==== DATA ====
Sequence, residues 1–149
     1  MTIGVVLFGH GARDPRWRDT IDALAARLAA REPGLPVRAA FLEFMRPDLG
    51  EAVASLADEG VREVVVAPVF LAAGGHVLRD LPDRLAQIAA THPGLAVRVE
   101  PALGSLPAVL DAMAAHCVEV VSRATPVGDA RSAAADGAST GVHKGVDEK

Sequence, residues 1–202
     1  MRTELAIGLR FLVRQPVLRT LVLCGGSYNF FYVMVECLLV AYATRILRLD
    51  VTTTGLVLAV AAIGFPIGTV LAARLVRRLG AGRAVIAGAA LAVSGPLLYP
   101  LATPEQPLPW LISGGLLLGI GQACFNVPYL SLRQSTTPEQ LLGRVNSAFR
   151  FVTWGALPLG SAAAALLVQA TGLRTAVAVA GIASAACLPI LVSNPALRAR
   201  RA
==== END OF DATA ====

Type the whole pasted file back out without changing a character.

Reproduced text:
Sequence, residues 1–149
     1  MTIGVVLFGH GARDPRWRDT IDALAARLAA REPGLPVRAA FLEFMRPDLG
    51  EAVASLADEG VREVVVAPVF LAAGGHVLRD LPDRLAQIAA THPGLAVRVE
   101  PALGSLPAVL DAMAAHCVEV VSRATPVGDA RSAAADGAST GVHKGVDEK

Sequence, residues 1–202
     1  MRTELAIGLR FLVRQPVLRT LVLCGGSYNF FYVMVECLLV AYATRILRLD
    51  VTTTGLVLAV AAIGFPIGTV LAARLVRRLG AGRAVIAGAA LAVSGPLLYP
   101  LATPEQPLPW LISGGLLLGI GQACFNVPYL SLRQSTTPEQ LLGRVNSAFR
   151  FVTWGALPLG SAAAALLVQA TGLRTAVAVA GIASAACLPI LVSNPALRAR
   201  RA